Boise's other hole is becoming less so.
The Idaho Capitol restoration project is clipping along on schedule, albeit a bit rushed. During a recent media tour, the Idaho State Capitol Commission showed off progress, including the two subterranean wings.
Work in the rotunda is moving along as well, with craftsmen re-creating custom plaster embellishments and restoring the unique architectural details. Alas, the former basement pressroom is no more. The site where tired reporters once lurked will be home to an Idaho-centric art gallery. Reporters will be jammed in another room nearby, but BW was assured that while there will be less space, there will be wi-fi across the Capitol, making the entire building one big work space.
Workers are also busy stripping old paint, refurbishing floors, replacing windows, adding modern utilities and installing a new elevator. In the construction process, crews have made several discoveries, including a barrel ceiling that had been covered with a drop ceiling to make room for ventilation.
The project is slated for completion just prior to the start of the 2009 legislative session.
Idle no more
The City of Boise is expected to adopt a new regulation to discourage drivers of city vehicles from leaving cars and trucks idling.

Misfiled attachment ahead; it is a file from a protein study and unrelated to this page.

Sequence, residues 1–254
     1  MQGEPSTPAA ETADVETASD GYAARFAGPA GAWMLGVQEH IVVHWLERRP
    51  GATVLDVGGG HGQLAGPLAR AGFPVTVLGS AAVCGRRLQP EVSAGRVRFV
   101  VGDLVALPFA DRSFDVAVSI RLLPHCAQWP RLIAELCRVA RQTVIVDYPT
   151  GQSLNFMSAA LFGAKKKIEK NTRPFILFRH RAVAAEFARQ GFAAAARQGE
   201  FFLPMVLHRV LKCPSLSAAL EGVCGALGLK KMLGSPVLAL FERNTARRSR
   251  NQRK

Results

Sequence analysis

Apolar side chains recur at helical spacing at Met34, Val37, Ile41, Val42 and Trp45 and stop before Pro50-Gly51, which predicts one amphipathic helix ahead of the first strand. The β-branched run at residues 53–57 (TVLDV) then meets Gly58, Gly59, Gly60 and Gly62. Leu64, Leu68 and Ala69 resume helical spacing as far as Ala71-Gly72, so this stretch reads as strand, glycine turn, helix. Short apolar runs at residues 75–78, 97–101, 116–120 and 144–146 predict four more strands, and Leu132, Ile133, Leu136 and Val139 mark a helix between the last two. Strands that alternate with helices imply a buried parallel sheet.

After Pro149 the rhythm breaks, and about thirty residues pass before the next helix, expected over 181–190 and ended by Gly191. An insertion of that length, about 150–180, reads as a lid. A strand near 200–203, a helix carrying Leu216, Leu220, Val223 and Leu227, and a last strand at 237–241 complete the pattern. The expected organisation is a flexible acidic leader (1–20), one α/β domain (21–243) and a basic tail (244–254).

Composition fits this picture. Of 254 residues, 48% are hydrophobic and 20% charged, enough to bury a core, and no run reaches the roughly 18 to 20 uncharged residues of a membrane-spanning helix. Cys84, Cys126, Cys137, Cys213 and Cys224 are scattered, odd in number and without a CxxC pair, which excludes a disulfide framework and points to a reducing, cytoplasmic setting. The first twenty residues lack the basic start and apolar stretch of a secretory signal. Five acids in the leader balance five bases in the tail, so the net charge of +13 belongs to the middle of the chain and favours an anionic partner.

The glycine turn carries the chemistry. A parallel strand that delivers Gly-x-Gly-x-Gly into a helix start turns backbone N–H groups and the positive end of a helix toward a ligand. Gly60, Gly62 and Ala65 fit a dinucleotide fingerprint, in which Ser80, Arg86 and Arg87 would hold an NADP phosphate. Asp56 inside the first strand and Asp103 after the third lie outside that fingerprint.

"It's one small step that will help us reduce the amount of gas we use and help improve the quality of our air," said Adam Park, spokesman for Mayor Dave Bieter.
While the Boise Police Department has the largest number of vehicles in the city fleet, workers in Public Works, Fire, and Planning and Development Services all drive as part of their jobs, landing the city a $1.3 million annual fuel bill, Park said.
The anti-idling regulation, which has built-in exceptions for law enforcement, is part of a larger city plan to make the vehicle fleet more efficient and less polluting. The city has incentives for employees who carpool, ride bikes or take the bus to work. A new fleet manager, who started in January, is tasked with greening the city's vehicle pool. New police cruisers use more efficient fuel.
Bieter has his own anti-idling regulation: the 1969 cruiser he often rides to work is said to tip over if it idles too long.